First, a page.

Chapter 1

The origins

Snowsfields, Bermondsey

Date: 2008

Exterior of the Snowsfields housing estate.

© Felix Clay

In 1890, philanthropist Sir Edward Cecil Guinness, the great grandson of the founder of the Guinness Brewery, gave £200,000 to set up The Guinness Trust in London, with an additional £50,000 to establish a fund in Dublin. This is the equivalent of £25 million in today’s money. He wanted to help improve the lives of ordinary people, many of whom couldn’t afford decent homes.

The state of housing

Like health and social care, housing provision for the poorer classes in the mid to late-19th century was not comprehensive. Conditions – particularly in cities like London – were cramped and dirty, and population growth had led to overcrowding. Diseases spread more easily and safety regulations were non-existent. (Malpass, 1998) The quote below gives some indication of the desperate state of housing in London before new model tenements began to replace slum dwellings.

“We do not say the condition of their homes, for how can those places be called homes, compared with which the lair of a wild beast would be a comfortable and healthy spot? . . . The buildings are in such miserable repair as to suggest the thought that if the wind could only reach them they would soon be toppling about the heads of their occupants. . . . Every room in these rotten and reeking tenements houses a family, often two.”

Reverend Andrew Mearns, The Bitter Cry of Outcast London, 1883

Public concern and debate was growing over the lack of decent housing, but any improvements to housing conditions were usually carried out by charitable organisations, without government help. It was into this philanthropic system that The Guinness Trust was born, with the ambition of “the amelioration of the conditions of the poorer of the working classes”.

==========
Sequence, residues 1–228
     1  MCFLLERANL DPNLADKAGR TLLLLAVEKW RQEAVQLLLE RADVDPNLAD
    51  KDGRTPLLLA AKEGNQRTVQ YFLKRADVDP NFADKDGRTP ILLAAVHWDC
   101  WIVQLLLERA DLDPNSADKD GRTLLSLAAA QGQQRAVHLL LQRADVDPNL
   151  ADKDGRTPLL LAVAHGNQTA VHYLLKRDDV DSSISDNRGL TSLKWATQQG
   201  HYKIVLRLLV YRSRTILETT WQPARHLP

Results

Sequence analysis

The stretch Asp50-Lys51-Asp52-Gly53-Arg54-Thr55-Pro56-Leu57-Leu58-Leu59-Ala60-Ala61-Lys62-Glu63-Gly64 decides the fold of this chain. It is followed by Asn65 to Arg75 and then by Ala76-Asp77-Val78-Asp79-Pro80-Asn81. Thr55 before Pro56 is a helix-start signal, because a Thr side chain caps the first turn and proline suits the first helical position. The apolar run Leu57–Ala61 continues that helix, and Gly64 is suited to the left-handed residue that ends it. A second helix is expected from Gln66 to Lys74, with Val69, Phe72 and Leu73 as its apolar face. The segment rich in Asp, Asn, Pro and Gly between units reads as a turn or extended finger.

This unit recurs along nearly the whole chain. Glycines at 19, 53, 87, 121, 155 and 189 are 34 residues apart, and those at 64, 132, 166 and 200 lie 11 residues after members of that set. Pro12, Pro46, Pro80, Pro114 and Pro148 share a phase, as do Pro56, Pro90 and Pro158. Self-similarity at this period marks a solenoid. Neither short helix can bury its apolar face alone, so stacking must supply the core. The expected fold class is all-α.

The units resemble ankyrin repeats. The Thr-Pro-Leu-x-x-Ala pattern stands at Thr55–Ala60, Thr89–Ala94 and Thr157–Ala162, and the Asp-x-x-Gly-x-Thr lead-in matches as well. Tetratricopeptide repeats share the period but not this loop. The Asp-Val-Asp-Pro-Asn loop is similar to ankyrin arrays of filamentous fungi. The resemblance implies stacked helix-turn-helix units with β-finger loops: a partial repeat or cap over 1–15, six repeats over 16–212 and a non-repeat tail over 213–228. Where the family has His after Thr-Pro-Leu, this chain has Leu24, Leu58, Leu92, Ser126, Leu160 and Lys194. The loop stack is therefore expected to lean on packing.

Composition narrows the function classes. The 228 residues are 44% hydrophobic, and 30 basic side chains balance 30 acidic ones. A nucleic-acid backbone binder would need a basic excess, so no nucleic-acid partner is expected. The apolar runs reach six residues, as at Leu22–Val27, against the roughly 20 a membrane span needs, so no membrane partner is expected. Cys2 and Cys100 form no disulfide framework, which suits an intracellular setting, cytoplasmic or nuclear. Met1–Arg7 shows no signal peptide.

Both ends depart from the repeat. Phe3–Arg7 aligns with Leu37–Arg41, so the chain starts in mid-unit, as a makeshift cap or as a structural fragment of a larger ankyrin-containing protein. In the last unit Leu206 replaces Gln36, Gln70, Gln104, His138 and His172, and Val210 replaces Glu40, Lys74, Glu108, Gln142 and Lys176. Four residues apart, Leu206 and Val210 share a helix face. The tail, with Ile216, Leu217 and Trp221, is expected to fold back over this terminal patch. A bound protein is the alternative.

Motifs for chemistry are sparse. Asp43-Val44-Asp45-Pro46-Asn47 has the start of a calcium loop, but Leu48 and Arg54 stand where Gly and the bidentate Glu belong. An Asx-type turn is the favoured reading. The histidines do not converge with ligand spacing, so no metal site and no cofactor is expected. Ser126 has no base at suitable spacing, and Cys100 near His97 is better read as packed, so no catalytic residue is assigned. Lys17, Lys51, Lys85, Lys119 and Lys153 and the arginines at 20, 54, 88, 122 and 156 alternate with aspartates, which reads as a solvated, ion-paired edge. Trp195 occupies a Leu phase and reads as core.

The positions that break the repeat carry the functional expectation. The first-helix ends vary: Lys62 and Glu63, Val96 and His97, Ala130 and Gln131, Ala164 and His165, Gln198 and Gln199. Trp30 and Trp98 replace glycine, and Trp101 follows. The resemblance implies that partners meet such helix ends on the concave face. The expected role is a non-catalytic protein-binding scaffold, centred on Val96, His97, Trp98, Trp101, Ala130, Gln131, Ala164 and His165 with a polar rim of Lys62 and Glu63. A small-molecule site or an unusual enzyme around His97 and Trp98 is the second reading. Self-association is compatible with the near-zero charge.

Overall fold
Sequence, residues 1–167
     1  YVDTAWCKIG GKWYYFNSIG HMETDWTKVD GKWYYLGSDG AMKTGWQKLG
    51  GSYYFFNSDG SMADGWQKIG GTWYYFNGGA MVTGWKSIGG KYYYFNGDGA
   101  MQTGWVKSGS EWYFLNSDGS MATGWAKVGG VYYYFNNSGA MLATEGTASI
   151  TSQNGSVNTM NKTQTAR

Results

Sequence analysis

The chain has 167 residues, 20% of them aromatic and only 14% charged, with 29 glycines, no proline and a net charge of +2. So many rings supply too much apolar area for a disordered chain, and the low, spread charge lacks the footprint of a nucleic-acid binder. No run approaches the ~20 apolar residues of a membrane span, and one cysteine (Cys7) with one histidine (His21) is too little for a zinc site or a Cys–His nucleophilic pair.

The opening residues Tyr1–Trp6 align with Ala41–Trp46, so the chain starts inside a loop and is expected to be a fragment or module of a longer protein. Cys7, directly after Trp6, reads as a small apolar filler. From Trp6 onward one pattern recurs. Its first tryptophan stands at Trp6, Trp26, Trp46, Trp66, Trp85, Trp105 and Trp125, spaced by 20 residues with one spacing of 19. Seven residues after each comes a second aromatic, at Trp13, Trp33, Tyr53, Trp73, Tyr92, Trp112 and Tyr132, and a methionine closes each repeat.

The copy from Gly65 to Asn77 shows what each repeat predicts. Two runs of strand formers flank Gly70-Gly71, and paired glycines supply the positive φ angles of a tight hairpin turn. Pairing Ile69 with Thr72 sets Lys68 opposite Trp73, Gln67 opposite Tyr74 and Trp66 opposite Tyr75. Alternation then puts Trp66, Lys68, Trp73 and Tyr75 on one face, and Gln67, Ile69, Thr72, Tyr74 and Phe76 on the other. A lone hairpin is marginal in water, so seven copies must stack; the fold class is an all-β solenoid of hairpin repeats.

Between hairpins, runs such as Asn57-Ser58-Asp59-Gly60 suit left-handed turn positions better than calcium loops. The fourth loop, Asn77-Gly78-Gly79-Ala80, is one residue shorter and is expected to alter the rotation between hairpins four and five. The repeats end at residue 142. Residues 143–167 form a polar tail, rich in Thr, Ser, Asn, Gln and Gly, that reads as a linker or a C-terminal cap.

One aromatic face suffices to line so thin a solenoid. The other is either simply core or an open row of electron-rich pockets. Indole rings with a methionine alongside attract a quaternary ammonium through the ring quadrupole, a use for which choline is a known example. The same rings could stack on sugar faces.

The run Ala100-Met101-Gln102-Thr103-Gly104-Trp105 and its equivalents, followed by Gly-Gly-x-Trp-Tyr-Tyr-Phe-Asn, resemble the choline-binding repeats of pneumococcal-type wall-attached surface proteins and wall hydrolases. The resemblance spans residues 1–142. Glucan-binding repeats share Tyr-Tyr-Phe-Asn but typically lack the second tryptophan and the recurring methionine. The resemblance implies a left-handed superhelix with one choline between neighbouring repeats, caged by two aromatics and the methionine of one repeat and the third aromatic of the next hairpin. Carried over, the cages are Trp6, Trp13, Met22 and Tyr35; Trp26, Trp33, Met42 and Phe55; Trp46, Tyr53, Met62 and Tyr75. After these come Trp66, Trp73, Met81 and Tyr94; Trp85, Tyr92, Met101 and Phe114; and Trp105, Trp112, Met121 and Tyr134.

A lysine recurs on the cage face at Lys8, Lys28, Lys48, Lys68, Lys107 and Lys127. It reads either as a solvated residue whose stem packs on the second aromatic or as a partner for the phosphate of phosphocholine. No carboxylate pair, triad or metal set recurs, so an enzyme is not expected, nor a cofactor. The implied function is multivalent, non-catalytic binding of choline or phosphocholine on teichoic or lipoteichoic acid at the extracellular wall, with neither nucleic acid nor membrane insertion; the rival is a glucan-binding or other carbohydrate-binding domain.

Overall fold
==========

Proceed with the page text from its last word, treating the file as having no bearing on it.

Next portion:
Setting up the Trust

The Times

20 November 1889

“We have the greatest pleasure in announcing this morning the most splendid act of private munificence that has been contemplated and carried out in our time by any Englishman [sic].”

On 23 November 1889, Sir Edward Guinness and the Trustees met for the first time. They were the Honourable Secretary Lees Knowles, Lord Rowton and Rt Hon C T Ritchie MP, and their only action that day was to rent an office and hire a clerk and a boy, Mr Winch and Mr Gray (Malpass, 1998), who you’ll hear more about in Chapter 4. You can read the minutes from the first meeting below.

The Trustees met frequently and were extremely active as the Trust began its work, securing the land for its first scheme at Brandon Street, Walworth after an approach from the architect, N. S. Joseph in March 1890. The Deed of Trust was signed on 4 February 1890 and can be read below.

Sir Edward Guinness was not the first philanthropist to provide better housing for working class Londoners; at least 30 other charitable organisations, including the Peabody Trust, were establishing model estates and developments. But Guinness had the funding to move quickly, building eight tenement estates in the first 11 years, providing 2,597 homes for London’s working class.

The Trustees were also resolute that rent should be affordable for even the poorest families, with the Minutes of 24 July 1891 stating that, “preference should be given to working men earning about 20 shillings a week”.

The first developments

The earliest estates were built with “health, morality and social stability” in mind. Red-brick blocks with four to six floors, they were associated tenements with communal sculleries and toilets. Glazed bricks and tiles were used to prevent disease spreading and tenants were expected to scrub the corridors and their own quarters frequently.